Sunday, August 25, 2013

My Fair Concubine (book) by Jeannie Lin

My Fair Concubine is a historical romance set in Tang Dynasty China. It's a Harlequin Historical.


This is a Tang Dynasty take on My Fair Lady, which I have almost zero familiarity with.

Fei Long went back to his family home after his father's death, only to learn that his sister Pearl had run off with her lover. This would have been scandalous no matter what, but since Pearl was supposed to be a heqin (peace marriage) bride, it was particularly disastrous. Not knowing what else to do, Fei Long came up with the idea of teaching Yan Ling, a tea girl, to act like a noble lady and take his sister's place. Yan Ling would have a home and a good life, and Fei Long's family would not be dishonored. What neither one of them counted on was falling in love.


I enjoyed this one so much that I was rarely willing to stop reading long enough to take notes. That makes writing this review a little difficult, but I'll try my best.

Unlike the other books by Lin that I've read, this one was light on action scenes. Fei Long had to be rescued at one point, and later he got to show off his archery prowess, but that was, I think, pretty much it. The bulk of the book was about Yan Ling learning how to act like a noble lady, Fei Long fretting over his family's debts, and the two of them falling for each other but being unable to say anything about their feelings.

Fei Long and Yan Ling were great characters. Yan Ling had spent most of her life keeping her head down and trying in vain to please the teahouse owner and his wife. She wasn't completely beaten down, however. When she thought Fei Long was trying to buy sex from her early on in the book, she was deeply offended, so much so that, without thinking, she doused him with tea. I wondered whether she'd be mulish about learning all the many things she needed to know in order to act like a princess, but she actually took her job very seriously, even going so far as to arrange study sessions beyond the ones Fei Long had already planned for her. I loved her determination and dedication – this was no annoyingly childish heroine.

Fei Long was very proper, ruled by honor and the responsibility he felt towards his servants and those who had helped his family. Even as he began to fall for Yan Ling, he knew he couldn't act on his feelings, because sending Yan Ling off to marry a Khitan tribal leader was most advantageous for everyone as a whole. Yan Ling would be treated as a princess for the rest of her life, Fei Long's family wouldn't lose face, and all the servants who depended on Fei Long could continue to work in his household. His unhappiness seemed like a small thing to him, by comparison.

Because Fei Long and Yan Ling were both such responsible people and couldn't hardly even envision doing anything other than what they'd agreed to do, they spent a good bit of time in love with each other but unable to vocalize their feelings. I loved this. I loved reading about the two of them sneaking looks at each other, trying to read each other's emotions, noticing little things about each other.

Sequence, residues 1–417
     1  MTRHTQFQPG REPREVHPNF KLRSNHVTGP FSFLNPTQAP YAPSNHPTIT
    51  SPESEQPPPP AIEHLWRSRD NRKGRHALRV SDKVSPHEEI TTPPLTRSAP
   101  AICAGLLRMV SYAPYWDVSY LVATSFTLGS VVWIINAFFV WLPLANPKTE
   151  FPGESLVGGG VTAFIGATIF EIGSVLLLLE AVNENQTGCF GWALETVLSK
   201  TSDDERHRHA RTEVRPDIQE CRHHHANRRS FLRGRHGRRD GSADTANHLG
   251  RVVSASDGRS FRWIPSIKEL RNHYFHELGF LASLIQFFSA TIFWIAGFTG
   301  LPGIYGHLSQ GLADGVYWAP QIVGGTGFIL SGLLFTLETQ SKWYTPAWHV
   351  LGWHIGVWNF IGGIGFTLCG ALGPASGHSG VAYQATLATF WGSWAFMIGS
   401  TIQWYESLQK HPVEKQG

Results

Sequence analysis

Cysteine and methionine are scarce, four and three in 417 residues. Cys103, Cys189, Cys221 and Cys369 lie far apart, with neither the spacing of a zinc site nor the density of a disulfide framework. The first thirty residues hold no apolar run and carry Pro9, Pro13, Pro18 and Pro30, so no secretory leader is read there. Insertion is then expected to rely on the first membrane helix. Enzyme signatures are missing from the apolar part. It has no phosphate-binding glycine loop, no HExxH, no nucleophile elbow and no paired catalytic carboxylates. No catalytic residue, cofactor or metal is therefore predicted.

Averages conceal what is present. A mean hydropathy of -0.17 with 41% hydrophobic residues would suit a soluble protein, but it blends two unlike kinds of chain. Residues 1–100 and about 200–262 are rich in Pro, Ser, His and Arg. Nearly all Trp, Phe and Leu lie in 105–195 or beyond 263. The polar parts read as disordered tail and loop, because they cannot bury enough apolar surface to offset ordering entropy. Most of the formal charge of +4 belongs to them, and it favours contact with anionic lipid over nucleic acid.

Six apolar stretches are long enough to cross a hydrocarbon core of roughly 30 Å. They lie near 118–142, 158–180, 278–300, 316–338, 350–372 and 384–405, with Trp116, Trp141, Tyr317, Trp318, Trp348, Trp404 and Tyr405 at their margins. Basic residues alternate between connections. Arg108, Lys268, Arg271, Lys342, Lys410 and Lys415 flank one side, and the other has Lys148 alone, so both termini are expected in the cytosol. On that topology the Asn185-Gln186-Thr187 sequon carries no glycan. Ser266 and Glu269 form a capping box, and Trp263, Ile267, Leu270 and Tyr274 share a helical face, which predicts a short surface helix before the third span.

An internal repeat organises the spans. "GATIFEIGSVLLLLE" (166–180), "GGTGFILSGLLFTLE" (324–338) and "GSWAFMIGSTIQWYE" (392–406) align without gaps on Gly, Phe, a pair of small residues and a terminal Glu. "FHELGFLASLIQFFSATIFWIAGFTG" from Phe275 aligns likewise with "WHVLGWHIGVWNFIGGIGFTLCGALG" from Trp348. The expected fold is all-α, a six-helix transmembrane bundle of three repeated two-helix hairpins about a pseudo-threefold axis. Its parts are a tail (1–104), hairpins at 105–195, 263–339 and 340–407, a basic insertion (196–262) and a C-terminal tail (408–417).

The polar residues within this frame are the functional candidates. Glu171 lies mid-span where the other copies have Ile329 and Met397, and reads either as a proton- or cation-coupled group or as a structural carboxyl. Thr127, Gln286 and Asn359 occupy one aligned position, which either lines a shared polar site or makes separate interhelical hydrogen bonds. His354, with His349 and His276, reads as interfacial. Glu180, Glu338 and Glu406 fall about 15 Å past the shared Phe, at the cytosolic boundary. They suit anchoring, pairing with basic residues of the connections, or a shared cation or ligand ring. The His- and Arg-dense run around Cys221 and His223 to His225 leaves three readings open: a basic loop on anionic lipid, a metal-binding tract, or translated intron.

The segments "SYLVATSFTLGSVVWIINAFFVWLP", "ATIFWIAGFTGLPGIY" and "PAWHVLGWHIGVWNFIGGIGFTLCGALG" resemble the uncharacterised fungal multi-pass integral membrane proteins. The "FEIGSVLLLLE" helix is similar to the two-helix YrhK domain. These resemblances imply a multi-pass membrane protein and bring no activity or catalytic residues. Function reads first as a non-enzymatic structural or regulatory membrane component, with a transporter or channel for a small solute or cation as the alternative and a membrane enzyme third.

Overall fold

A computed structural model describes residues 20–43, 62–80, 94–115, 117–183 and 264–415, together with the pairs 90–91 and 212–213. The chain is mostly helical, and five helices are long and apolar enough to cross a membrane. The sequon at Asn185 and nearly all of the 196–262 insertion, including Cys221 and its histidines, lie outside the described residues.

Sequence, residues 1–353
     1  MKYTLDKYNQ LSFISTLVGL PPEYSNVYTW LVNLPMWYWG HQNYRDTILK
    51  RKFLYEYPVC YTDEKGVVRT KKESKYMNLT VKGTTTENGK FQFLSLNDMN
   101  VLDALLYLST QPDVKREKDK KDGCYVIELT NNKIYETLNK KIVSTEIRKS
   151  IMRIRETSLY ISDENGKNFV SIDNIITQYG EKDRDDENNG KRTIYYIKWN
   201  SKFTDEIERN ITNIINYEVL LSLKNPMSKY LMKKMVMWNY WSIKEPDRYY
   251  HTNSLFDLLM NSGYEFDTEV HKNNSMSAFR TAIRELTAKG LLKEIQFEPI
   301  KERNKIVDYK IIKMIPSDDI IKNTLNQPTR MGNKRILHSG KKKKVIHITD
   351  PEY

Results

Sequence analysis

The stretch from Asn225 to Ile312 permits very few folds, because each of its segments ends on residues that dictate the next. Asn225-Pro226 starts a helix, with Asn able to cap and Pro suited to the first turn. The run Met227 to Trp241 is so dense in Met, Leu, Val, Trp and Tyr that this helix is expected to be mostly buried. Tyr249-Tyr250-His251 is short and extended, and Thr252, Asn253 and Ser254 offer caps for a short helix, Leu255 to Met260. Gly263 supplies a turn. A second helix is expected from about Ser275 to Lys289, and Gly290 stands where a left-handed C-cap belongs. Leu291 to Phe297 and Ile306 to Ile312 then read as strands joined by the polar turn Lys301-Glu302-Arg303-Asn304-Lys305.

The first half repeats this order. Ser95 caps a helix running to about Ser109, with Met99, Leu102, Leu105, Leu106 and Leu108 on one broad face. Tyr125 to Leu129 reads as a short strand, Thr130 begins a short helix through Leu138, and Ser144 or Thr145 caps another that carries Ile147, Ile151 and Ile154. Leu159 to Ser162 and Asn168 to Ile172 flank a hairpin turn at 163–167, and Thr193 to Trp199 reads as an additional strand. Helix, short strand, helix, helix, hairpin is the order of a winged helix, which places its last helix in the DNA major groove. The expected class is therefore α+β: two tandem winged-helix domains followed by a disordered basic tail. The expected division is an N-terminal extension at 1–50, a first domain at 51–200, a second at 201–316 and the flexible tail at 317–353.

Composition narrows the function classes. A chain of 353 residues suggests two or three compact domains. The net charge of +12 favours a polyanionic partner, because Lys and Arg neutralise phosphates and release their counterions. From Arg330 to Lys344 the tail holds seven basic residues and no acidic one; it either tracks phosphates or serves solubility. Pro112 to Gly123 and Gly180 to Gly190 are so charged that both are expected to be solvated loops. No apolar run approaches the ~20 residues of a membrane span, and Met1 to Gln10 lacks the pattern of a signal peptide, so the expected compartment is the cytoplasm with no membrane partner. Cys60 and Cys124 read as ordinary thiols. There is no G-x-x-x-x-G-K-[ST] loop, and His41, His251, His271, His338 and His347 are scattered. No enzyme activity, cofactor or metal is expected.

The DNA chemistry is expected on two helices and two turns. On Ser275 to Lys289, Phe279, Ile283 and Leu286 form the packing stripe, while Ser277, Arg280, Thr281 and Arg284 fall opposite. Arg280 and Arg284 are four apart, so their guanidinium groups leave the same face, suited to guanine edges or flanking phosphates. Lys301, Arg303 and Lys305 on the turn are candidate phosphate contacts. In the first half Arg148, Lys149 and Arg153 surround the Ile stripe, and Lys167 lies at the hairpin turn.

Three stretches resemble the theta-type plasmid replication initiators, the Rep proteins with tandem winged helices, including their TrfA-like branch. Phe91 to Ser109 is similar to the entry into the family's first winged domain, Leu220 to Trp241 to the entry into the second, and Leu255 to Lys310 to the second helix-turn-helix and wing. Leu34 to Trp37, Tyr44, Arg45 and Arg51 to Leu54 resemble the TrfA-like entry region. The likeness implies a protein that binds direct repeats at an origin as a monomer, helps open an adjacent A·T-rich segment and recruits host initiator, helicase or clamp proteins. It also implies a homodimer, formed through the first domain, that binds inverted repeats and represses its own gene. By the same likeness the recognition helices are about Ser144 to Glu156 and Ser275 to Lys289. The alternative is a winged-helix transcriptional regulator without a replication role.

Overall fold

The people they were, and their reasons for not being together, kind of ruined the moment they finally had sex, however. There I was, thinking “But wait! What about Fei Long's servants and Minister Cao? Are they just going to give up on all of them?” It was Yan Ling who brought Fei Long's obligations up, and only after it was too late. The resolution to that problem, as well as the resolution to Fei Long's family's debts, all seemed just a little too easy.

All in all, despite the too-easy ending, I loved this book. I think it's my favorite of Lin's so far. Part of me hopes she'll write something starring Bai Shen, Fei Long's actor friend. His ego was enormous, and I wasn't happy with what he did in one scene involving Yan Ling, but he was usually a lot of fun.

Additional Comments:

While reading this, I had a lot of flashbacks to the Chinese calligraphy class I took in college. Fei Long was teaching Yan Ling how to write, and I was all, “Yeah, you definitely have to move your brush quickly. The paper absorbs the ink like a sponge." ::crying in remembered horror:: And I will never forget the one and only time the instructor said something positive about my homework. It was when we were practicing Li Style. His words were something to the effect of, “This is a little bit better.” That was high praise, coming from him.

Read-alikes and Watch-alikes:
  • Sungkyunkwan Scandal (live action TV series) - Other than the cross-dressing, this historical K-drama has a lot in common with Lin's book. Like Fei Long, Lee Seon Joon was very proper, responsible, and honorable, and fans of Bai Shen will probably like Gu Yong Ha. Oh, and there's an archery contest. I have written about this show.
  • The Concubine (book) by Jade Lee - I haven't read this. Jade Lee is one of the few authors that came up when I went searching for more historical romances set in China. The heroine of this book is trying to better her impoverished family's fortunes by becoming one of the emperor's concubines (or maybe the Empress?). The hero is a friend of the Emperor.
  • A Knight of Honour (book) by Anne Herries - I haven't read this. It looks to be a historical set in the Middle Ages. The description reminded me a lot of aspects of Lin's book: The hero is escorting the heroine to England to marry his half-brother. He falls in love with her, but it would be dishonorable for him to act on those feelings.
  • Duchess of Fifth Avenue (book) by Ruth Ryan Langan - I haven't read this. It came up in my search for more romance novels based on My Fair Lady.

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